First, Hong Kong is not a country. For those who are born in Hong Kong after WWII and before 1997, we are born as a British Subject. What it means is that we had the right to reside in the then-British colony called Hong Kong. That’s about it. In short, we – or at least how I see it – are born with no country, and no religion. Was I happy to toss the British Subject status away? I was indifferent.
Were you running away from 1997? The return of Hong Kong to China?
Not really. I didn’t think that with such a strong economic establishment, China would want to tear it apart. The Basic Law was enacted way before 1997. While I wasn’t entirely bought into China’s promise on “50 years of life remains as it is (in Hong Kong)”, I saw this return to motherland part of a bigger plan to unify Macau and maybe eventually Taiwan. So, was I running away from anything? No. In retrospect, I think China has done a pretty good job to Hong Kong and Macau so far. It helps when China is rising, a trend as predicted a decade or two ago.
Ain’t you glad that you don’t need to do National Service?
It’s hard to say. If I was born and grew up in Singapore, I would just do it like the rest. But as a first generation immigrant who has passed the age of enlistment, I am not sure if I would be thrilled to do NS (however if I could bring my camera and blog about what I experience …).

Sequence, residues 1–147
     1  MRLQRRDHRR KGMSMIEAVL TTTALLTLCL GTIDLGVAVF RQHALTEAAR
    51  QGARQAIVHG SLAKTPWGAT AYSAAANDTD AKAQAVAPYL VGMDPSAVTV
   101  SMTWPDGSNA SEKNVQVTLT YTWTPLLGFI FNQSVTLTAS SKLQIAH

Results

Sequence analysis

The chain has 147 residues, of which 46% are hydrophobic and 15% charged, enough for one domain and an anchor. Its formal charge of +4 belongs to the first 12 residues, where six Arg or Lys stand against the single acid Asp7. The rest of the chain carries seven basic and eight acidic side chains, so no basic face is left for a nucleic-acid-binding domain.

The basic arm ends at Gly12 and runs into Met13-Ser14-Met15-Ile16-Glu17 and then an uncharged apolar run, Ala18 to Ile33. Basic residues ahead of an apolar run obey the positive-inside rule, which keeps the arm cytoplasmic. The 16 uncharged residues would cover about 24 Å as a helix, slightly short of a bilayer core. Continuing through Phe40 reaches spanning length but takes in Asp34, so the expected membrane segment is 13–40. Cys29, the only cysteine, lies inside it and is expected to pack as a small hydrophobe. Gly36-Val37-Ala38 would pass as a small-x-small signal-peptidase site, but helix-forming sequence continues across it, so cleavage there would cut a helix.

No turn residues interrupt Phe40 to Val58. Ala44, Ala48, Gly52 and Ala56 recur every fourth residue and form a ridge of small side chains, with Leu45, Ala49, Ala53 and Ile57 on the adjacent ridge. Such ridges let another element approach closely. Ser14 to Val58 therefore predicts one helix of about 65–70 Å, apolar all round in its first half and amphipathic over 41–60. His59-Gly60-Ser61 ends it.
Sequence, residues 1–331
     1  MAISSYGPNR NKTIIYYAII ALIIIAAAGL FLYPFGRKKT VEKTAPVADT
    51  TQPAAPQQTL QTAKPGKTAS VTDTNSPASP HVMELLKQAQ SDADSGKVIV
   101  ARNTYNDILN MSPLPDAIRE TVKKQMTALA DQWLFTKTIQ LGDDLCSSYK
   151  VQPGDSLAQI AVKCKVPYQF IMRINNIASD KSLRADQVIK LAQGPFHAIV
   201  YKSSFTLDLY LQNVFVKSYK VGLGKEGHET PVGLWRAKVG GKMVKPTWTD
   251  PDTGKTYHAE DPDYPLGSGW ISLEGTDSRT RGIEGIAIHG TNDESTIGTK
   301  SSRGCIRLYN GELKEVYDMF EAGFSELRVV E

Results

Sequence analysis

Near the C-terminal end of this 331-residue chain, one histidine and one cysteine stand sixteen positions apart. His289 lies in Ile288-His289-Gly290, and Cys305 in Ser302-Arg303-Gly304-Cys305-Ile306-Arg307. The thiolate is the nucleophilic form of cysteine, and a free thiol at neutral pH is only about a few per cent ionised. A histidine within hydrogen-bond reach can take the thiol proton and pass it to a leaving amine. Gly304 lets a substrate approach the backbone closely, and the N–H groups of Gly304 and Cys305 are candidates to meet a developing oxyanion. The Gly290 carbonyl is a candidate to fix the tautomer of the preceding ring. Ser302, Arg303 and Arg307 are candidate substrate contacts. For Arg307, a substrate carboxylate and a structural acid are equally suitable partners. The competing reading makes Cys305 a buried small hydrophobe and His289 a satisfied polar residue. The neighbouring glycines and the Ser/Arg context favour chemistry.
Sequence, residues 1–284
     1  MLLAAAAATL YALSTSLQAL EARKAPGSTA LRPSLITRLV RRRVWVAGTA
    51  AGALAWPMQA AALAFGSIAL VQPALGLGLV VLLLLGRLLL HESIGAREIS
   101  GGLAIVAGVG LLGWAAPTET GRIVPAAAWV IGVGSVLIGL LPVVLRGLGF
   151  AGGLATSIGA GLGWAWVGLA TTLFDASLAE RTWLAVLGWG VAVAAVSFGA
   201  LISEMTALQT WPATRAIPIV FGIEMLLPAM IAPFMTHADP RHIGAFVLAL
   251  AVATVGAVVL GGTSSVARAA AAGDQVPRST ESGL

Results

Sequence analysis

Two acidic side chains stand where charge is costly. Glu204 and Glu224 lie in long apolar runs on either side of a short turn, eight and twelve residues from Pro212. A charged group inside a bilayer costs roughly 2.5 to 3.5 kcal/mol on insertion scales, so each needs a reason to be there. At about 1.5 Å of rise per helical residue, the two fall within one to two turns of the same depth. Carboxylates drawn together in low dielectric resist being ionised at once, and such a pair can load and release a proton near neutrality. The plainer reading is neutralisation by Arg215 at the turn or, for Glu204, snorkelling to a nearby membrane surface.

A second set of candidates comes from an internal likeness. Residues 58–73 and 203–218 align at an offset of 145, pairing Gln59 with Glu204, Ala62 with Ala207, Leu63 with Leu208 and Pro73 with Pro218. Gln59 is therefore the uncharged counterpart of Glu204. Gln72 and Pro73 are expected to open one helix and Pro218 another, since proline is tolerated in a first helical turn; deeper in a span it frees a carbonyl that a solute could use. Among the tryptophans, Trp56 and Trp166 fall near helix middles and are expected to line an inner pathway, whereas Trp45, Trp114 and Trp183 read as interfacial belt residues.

But I guess we all do nation building one way or another. And I always joke to my friends that those 2 years and more of working with the MINDEF as an external consultant shuttling between the military camps is my very own way of doing NS. Sir, yes sir!
I chose this region because I love its diverse cultures. I chose Singapore as my home because there is no other place I’d rather be living in for long term. I haven’t lived in Africa or South America yet. So my view may change. But for now, I am still happy with that decision I made 11 years ago.
Would you return to Hong Kong or migrate to another country?
Probably not Hong Kong because Cynthia can’t speak Chinese. And my sister has married my buddy in Singapore, most of my friends are from Singapore, I am pretty much rooted here.
I guess my question is: How long can I afford to live in Singapore? The other day, I was asking my Singaporean friend how much I need to survive in Singapore. She tossed me some six-figure numbers judging at my current lifestyle (because I said I want to retire now … ha ha ha) and it was kind of depressing. Jokes aside, the government’s message is clear: We shall remain as productive for as long as we can. I read those news of sixty odd seventy odd years old people still happily working. For me, I don’t think I want to work for money till that age. I reckon I will have many ways to keep myself productive. Will I have enough money to live in Singapore looking at the rising cost of living or will I have a much better quality of life elsewhere with the finite amount of savings I have? I have no clue. I need to do some serious calculation first.
* * * * *
It all happens so fast. Time to celebrate Singapore National Day again.
PS. Because of this National Day entry, my usual Spanish holiday photo entry will possibly be postponed by 1 day (Aug 10). Thank you for your understanding.